Troubleshoot - Restore/Reset the Wooting keyboard
Your Wooting keyboard stopped working and it's a paperweight. Don't worry, you didn't break it and it's very easy to restore. Just follow these steps:
Step 0: Save your current profiles and unplug the keyboard
- Open the profile manager by clicking the bottom left square-shaped icon and [save your profiles].
- Unplug your Wooting keyboard
Step 1: Enter keyboard restore mode
Plug in the Wooting keyboard in your PC while holding the following key combination:
- On a Wooting One hold down the "Mode" and "Right arrow" keys.
- On a Wooting Two hold down the "Mode" and "Numpad return" keys.
If you did it correctly all the RGB lights should be off and the Wooting keyboard will be listed as "Wooting Restore" under "Devices and Printers".
Step 1a: Verify Keyboard restore mode has been found
If you did it correctly all the RGB lights should be off (although you can only check that way if the keyboard was working properly previously). An alternative way of checking if you've successfully got the keyboard into restore mode is by looking for a "Wooting Restore" device.
First, open the Windows settings and look for the "Devices" section.
Then make sure you've selected "Bluetooth & other devices" and look under the "Other Devices", you should be able to find a "Wooting Restore" device, if you can see it there, you should be all good to proceed with restoring
The simplest way to verify a Restore mode connection on Linux is through opening up a terminal and running the command `lsusb`, you should expect to see an output with many lines with one mentioning the "Wooting Restore" if you've been successful
# lsusb ... Bus 003 Device 012: ID 03eb:2402 Atmel Corp. Wooting Restore ...
There are a few important things you can try if you're unable to get the device to show up or the restore process to work:
- Ensure you're performing the steps correctly to put it in restore mode
- Ensure you're holding the correct keys for your keyboard model as mentioned above
- Make sure you're holding the keys until at least a few seconds after you've plugged the keyboard into the computer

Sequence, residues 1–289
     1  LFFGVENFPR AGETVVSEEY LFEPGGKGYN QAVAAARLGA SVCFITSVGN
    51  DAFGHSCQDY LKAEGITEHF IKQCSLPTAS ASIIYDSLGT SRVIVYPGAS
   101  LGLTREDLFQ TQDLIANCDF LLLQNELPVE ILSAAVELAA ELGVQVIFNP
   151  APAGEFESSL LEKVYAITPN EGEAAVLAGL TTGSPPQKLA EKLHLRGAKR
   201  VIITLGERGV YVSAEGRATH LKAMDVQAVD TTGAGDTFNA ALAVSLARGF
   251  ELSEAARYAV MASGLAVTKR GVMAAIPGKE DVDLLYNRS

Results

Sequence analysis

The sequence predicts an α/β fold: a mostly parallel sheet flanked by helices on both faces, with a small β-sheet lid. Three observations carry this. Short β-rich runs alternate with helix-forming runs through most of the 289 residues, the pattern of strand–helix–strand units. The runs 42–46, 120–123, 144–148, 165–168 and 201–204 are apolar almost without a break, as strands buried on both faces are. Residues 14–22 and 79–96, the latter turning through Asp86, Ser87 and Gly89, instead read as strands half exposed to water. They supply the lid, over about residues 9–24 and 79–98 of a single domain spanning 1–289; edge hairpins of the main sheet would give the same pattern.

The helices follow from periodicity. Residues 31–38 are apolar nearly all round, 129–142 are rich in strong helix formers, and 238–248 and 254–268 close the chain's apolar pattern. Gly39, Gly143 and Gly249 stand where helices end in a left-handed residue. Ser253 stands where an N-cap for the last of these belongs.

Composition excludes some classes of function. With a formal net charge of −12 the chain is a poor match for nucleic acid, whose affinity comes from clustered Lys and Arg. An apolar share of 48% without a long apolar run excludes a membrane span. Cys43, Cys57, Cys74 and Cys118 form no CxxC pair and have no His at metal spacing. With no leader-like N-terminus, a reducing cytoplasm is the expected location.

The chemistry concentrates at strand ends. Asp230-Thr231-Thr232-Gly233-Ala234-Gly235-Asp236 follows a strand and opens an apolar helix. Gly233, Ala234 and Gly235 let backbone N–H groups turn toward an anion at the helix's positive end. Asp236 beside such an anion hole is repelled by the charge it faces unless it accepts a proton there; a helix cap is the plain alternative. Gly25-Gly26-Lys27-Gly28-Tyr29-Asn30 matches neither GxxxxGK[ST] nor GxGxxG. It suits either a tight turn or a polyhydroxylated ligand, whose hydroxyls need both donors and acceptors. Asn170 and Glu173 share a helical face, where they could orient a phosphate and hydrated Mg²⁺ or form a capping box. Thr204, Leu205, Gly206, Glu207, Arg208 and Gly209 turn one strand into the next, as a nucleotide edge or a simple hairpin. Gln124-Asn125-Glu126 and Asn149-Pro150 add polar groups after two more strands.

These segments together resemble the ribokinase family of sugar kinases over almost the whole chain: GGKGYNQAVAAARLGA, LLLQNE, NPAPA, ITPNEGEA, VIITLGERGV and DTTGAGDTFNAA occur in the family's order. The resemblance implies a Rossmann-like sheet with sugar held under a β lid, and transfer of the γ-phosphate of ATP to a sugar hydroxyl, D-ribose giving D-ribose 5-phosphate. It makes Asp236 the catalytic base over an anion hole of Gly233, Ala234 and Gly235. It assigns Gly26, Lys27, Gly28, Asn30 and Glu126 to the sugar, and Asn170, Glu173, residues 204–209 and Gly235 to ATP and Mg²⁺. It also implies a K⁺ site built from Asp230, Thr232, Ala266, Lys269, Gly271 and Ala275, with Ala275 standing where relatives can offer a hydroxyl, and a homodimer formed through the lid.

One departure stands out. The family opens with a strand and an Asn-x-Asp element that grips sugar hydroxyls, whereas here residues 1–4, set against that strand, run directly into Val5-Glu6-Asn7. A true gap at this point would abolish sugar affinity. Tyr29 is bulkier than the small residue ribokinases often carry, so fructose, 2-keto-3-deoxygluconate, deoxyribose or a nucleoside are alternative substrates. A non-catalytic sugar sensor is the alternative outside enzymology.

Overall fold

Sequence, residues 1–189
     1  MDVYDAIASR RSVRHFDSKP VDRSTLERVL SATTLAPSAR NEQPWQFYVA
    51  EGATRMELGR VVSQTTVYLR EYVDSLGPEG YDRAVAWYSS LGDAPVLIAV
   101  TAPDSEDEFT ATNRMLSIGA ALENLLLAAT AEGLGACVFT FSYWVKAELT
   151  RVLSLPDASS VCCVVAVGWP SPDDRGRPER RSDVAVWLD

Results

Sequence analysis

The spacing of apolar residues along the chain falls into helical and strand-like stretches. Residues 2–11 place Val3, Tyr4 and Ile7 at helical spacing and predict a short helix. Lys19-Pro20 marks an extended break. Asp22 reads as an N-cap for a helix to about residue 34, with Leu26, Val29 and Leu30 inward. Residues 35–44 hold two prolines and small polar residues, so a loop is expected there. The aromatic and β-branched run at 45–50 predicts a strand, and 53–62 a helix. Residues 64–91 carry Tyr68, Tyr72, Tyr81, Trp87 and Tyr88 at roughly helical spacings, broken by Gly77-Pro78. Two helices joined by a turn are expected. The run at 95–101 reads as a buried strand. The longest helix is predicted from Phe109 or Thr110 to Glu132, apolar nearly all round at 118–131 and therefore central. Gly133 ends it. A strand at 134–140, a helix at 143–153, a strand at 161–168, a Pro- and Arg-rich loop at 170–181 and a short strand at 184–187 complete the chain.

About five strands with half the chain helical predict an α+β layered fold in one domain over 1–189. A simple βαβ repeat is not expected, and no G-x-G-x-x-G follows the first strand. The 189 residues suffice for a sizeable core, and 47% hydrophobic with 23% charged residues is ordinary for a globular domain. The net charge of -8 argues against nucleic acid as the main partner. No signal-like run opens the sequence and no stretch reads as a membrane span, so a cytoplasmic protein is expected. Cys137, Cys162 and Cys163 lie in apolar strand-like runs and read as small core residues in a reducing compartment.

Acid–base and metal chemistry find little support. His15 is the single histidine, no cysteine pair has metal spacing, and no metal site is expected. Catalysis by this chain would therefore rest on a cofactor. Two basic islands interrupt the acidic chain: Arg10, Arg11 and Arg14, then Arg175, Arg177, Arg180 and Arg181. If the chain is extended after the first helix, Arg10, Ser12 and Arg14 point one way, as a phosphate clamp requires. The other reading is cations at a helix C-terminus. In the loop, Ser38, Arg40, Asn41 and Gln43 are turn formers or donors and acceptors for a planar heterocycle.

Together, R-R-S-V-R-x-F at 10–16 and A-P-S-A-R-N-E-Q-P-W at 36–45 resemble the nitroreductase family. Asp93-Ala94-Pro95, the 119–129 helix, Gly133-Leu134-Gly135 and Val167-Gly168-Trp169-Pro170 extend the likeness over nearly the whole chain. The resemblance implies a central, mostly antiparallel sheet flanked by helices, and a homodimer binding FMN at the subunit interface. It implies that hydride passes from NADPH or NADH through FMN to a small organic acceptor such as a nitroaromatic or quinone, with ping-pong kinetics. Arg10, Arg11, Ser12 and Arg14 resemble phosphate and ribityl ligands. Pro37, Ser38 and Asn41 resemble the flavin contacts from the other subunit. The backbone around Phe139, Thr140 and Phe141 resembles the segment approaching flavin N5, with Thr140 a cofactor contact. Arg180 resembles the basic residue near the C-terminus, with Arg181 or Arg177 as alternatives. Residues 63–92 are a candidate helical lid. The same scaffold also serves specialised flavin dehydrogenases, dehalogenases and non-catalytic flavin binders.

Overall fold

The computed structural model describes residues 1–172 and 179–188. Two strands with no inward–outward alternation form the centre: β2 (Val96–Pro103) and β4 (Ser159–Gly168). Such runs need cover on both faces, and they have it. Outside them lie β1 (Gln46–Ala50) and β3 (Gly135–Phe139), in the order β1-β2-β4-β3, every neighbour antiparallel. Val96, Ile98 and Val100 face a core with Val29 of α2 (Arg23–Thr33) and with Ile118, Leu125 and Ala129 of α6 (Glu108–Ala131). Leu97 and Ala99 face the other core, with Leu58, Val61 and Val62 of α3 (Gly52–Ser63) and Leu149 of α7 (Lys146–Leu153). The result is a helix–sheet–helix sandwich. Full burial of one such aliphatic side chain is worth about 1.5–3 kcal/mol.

- Try connecting to different USB ports on your computer, you may have some unstable ones or be experiencing dodgy ports like what was seen with AMD Ryzen motherboards (most notably B550/X570, see here for more)
- Try using a different USB cable if you have one available (Micro-USB for Wooting One or USB Type-C for Wooting Two onwards)
- You could potentially try using a different computer if you have one available to you
Step 2: Start the Wootility troubleshooting
Open the Wootility (download) and wait for it to finish loading. In the left bar, click on "Settings". Then click the "Start Troubleshooting".
Step 3: Choose your layout and wait
A new area just showed up, please carefully read the update instruction before you select the correct keyboard layout.
You can choose between an "ISO" or "ANSI" layout. Please see your "Return/Enter" to identify the layout. An ISO layout has a large L shaped Return/Enter key. An ANSI layout has a rectangular-shaped Return/Enter key.
Step 4: Reset complete
You have successfully reset the keyboard. There's no need to restart the Wootility or unplug the keyboard.
Optional Step 5: Still have an issue?
If you have followed the above steps but still have the same issue, please repeat all the steps with the keyboard plugged into a USB 2.0 port.
If your problem consists, please let us know on Discord or email us at firstname.lastname@example.org with the problem in the subject.